Jackie belongs to a writing group formed after Deborah’s Life Writing course in 2015 and has just completed her Master Class at the Michael King Writers’ centre. This course has enabled her to extend her skills, identify themes and set her on a path to completing her memoir. It has also shown that there is still so much to write about and that the story of her life is more complex than first imagined.
A few months ago, as I was looking through an old biscuit tin of photos, I found a tiny yellowed photograph of my mother taken in about 1921. I’d never seen it before. My mother looks to be about one year old and is sitting on her Great Grandmother, Granny Wolfe’s knee. There are four people in this photo. Nana Westrupp, my mother’s grandmother is beside Great Granny Wolfe. My mother’s Mum, Nana Reed is sitting in front.
Jackie wrote her first novel at twelve. She hasn’t written much since, except essays, diaries and blogs. And a thesis. That was a mission. Now, with lots of gorgeous grandsons, she is venturing into the realm of memoir.
The farm. My Grandmother came here from Devon in 1897 as a sixteen year old. Her two brothers were here already, clearing the land, living in raupo huts. She came with her elder sister Florence, to be their cook.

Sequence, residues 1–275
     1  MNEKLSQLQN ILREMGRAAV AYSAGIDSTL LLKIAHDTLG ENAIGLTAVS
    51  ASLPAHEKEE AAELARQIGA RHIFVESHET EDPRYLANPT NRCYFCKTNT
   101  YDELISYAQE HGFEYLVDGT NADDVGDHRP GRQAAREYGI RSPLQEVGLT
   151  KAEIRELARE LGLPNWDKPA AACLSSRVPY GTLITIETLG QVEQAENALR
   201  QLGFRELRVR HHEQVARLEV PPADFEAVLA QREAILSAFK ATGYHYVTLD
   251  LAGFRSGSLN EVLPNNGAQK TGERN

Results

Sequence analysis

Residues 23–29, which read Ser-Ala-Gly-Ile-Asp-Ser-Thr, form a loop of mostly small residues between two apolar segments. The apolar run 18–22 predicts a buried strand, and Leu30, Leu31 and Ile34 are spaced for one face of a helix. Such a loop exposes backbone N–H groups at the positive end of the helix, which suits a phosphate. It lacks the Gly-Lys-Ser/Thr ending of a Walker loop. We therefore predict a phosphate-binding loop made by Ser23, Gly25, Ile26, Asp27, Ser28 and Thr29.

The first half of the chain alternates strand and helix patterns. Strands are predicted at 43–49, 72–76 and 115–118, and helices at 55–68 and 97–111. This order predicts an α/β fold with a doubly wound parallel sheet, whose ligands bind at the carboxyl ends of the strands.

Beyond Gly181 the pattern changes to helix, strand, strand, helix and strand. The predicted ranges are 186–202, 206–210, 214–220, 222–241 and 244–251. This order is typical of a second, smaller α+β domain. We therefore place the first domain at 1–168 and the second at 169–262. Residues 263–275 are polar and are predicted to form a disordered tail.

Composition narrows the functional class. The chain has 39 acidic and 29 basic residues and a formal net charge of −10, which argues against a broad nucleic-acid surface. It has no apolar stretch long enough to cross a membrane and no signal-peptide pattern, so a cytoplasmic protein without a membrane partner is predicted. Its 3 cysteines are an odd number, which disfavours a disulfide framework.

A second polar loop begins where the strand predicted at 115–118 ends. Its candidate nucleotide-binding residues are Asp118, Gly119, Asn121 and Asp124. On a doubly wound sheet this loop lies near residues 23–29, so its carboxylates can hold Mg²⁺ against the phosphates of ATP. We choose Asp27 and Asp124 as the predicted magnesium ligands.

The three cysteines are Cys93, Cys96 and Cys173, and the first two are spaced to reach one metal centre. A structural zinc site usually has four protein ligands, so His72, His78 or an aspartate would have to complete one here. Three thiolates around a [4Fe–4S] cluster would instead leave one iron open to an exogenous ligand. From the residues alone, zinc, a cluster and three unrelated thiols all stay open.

Waikato land. Dairy farming now. Rich in both senses of the word. Many a school holiday was spent there. The old implement sheds still stand. The dark red paint weathered. The blacksmith’s forge with central fireplace, bellows and anvil. Rusty tools line the walls. The garage on a slight lean, the old Bedford truck long gone. Chook houses, wirenetting sagging, overgrown with weeds. Rusting farm equipment; hayrakers, seed planters, the original John Deere tractor, still stand plaintively under cover, waiting in vain to be used.
A split door leads into the wool shed. Top half. Bottom half, so you can look in and not let the sheep out. The single set of electric shears hangs limp and forlorn, long since passed its use-by date. The smell of greasy sheep and lanolin pervades the building. Noisy machinery comes back to me, the sheep baaing as they were turned on their backs to be shorn. The workers at the bench picking through the fleece, ready for the baler. How could this huge pile of wool be compressed into the size of a regular bale? Surely it will burst at the seams.
Uncle Jim’s workshop. More tools lined up neat and tidy, the smell of oil, tins of nuts and bolts. The door was always locked so it was a treat to be able to peek inside, to photograph it for posterity. Uncle Jim looked on with quiet amusement. Nearly as old as the equipment.
The farm’s been sold now.
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